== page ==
Going through a divorce is a tremendously taxing burden on a couple, both psychologically and legally. When children are involved, the issue is much more complex. Each child suffers as an unwilling party to the divorce, and sometimes the only party who believes they are at fault for the divorce. Therefore, it is important for divorcing parents to reassure their children that they are not to blame for a divorce.
With regard to child custody, it is critical that both parents provide stability by playing a role in the upbringing of their children. Although the formerly stable home provided by a child’s biological parents is no longer possible after a divorce, stability can be achieved when both parents maintain a close relationship with each child. Therefore, both parents should encourage a child’s relationship with the other parent. This will sometimes require self-sacrifice on the part of parents who have animosity towards each other.
North Carolina courts recognize and promote the important role each biological parent plays in raising a child. When parents are unable to reach an amicable agreement with regard to children, a court will step in and establish an agreement that reflects this reality. This post will give an overview on North Carolina child custody laws, which courts in this state will follow in setting the custody arrangement.
North Carolina courts determine who will be given custody of a child by assessing the best interests of the child. This does not mean that the child gets to pick who they will live with. Rather, the courts will look at a number of factors to make an objective determination. Some of the factors considered include the safety of the child and the child’s current living situation. Judges are not given a restrictive list of factors, however, so anything can be taken into consideration.
Moreover, the courts do not assume that a mother is better suited for the role of custodial parent than a father—both parents are considered equally suitable at the outset. There is a presumption that natural parents are better suited to raise their children than third parties, like grandparents or relatives, but this presumption can be overcome if the parent has done something that violates the best interests of the child.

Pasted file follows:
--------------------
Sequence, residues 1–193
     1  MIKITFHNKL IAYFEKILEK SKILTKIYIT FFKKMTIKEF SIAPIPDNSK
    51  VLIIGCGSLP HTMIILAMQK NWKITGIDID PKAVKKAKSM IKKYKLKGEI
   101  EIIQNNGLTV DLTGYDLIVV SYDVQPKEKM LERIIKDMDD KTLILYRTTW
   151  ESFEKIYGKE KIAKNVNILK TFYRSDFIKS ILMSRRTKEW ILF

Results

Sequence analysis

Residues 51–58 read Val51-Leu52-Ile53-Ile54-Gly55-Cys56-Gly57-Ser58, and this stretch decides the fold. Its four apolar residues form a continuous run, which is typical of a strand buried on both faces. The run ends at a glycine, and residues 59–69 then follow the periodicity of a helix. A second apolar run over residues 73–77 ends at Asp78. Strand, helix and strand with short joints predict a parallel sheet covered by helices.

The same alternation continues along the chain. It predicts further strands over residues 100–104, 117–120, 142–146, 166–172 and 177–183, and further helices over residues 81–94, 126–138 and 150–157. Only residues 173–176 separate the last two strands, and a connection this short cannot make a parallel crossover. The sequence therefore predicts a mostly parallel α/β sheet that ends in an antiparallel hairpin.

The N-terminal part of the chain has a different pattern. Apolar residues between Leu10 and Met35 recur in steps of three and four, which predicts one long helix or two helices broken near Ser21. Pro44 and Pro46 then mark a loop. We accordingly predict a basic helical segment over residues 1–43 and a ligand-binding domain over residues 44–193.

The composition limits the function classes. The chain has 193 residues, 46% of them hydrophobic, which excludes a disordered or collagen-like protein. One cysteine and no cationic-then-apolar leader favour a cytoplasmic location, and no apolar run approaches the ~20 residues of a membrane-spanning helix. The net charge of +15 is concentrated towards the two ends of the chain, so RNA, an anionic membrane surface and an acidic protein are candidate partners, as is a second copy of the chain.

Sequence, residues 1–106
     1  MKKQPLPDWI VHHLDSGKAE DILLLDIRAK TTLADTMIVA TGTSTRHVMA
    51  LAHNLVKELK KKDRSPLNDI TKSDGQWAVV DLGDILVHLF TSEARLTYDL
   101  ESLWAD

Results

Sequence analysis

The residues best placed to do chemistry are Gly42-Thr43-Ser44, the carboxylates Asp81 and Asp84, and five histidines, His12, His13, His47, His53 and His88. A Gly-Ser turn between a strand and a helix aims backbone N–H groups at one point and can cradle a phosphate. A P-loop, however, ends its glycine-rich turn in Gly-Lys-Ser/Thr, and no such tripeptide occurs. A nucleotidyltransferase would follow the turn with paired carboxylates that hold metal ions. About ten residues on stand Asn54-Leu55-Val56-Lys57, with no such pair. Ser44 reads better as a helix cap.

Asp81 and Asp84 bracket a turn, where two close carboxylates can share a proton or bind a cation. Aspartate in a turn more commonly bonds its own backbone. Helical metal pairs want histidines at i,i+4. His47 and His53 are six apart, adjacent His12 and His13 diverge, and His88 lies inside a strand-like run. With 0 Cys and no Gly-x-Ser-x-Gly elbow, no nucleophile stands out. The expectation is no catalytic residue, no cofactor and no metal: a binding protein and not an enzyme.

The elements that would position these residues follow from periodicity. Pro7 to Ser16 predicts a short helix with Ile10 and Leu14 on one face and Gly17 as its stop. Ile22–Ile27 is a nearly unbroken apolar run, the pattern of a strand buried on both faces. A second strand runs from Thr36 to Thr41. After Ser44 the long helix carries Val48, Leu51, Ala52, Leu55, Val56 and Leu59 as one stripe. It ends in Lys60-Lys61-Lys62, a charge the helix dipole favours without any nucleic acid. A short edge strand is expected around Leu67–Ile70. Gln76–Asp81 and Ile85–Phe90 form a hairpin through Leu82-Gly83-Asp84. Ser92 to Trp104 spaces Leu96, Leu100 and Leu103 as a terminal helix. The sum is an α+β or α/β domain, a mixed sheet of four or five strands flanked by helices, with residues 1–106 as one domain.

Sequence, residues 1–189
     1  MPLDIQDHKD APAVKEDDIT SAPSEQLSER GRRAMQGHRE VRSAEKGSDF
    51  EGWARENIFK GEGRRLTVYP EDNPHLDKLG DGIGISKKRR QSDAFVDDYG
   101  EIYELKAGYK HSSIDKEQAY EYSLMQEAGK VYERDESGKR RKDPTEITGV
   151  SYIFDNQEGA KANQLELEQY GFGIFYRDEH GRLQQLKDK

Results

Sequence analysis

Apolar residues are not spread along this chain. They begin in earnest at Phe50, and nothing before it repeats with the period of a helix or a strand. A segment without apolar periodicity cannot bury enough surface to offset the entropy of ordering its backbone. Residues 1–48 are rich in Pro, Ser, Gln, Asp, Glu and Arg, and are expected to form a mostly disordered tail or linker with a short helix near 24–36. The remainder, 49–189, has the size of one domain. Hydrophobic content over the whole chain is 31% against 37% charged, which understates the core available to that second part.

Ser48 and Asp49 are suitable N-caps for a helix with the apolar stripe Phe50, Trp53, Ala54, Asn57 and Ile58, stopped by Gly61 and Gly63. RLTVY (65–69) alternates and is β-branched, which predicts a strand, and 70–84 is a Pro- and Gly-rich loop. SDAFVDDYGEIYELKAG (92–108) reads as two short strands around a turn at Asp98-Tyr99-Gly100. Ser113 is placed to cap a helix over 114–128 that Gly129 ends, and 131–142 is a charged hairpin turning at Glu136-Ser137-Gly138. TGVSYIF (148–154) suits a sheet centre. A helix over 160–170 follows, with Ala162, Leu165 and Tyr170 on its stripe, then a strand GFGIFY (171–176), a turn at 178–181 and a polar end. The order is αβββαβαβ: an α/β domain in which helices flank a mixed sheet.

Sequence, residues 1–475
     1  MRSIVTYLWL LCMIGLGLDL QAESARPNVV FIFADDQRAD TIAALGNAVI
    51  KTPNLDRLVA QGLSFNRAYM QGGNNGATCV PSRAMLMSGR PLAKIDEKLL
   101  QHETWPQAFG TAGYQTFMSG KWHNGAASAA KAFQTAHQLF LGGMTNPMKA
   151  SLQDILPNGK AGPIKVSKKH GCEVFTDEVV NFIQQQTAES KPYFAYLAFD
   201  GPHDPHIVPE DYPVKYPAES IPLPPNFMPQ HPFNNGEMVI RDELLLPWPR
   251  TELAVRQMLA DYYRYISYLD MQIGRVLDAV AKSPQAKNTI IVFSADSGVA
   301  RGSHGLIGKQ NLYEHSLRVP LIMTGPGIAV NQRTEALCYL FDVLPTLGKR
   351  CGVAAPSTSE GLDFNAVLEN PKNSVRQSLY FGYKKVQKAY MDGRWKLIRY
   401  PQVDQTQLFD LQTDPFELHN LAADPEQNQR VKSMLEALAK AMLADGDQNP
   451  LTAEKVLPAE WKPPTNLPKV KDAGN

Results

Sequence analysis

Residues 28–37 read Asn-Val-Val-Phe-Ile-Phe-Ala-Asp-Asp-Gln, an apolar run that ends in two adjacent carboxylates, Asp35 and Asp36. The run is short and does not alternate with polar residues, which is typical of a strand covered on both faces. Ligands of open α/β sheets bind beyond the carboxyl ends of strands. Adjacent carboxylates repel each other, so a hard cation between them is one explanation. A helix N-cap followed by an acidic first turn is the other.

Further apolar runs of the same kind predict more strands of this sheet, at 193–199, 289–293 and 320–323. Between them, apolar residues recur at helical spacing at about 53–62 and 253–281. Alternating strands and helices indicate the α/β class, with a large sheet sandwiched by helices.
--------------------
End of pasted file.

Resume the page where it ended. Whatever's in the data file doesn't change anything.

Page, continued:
Types of Custody and Visitation
There are two types of custody under North Carolina law: legal custody and physical custody.
Legal custody determines who has the responsibility to make major decisions about the child, such as decisions regarding education, healthcare, and religious activities. This decision-making right and authority can be shared equally, or jointly, between the parents; or the court can award sole legal custody to one parent. However, joint legal custody does not necessarily mean that parents have equal physical custody of the child; and sole legal custody does not necessarily mean that one parent will be given sole physical custody of the child.
Physical custody governs with whom the child lives and how much time they spend with each parent. Often times, parents may share equal physical custody of the child or one parent may be granted primary custody of the child. In the event that primary custody is granted to one parent, the non-custodial parent has the right to visit with their child. The law does not define an amount of time a parent must be given with their child, and North Carolina courts have wide discretion and flexibility to set a custodial schedule that it feels is in the best interest of the particular child after considering a number of factors.
Dispute Resolution Options
Divorcing parents have the ability to mutually agree on a child custody agreement. The terms of such an agreement can be established in a Separation Agreement or a Parenting Agreement. Where the parents are unable to reach an agreement, the courts will get involved, and each parent will have to litigate to convince the state of the best interests of the child. Such litigation is contentious, and makes separation a more traumatic experience for the child. In addition, it allows a judge, rather than a parent, to make a critical decision regarding a child’s upbringing. Therefore, it is better for parents to establish a child custody agreement together. The family law attorneys Remington & Dixon are available to counsel you through this difficult negotiation. Our compassionate attorneys can help mediate the situation to achieve the best results for you and your family. Call today for a consultation: 704-817-9050
Jennifer is a founding partner at Remington & Dixon, PLLC. Jennifer concentrates her practice in the areas of family law, wills & estates, unemployment benefits appeals, and traffic. At Elon University School of Law, Jennifer was the vice president of the Public Interest Law Society and a member of the Family Law Society. During law school, Jennifer interned at the Elon University School of Law Field Placement Clinic with Legal Aid of North Carolina where she represented clients in domestic violence court proceedings.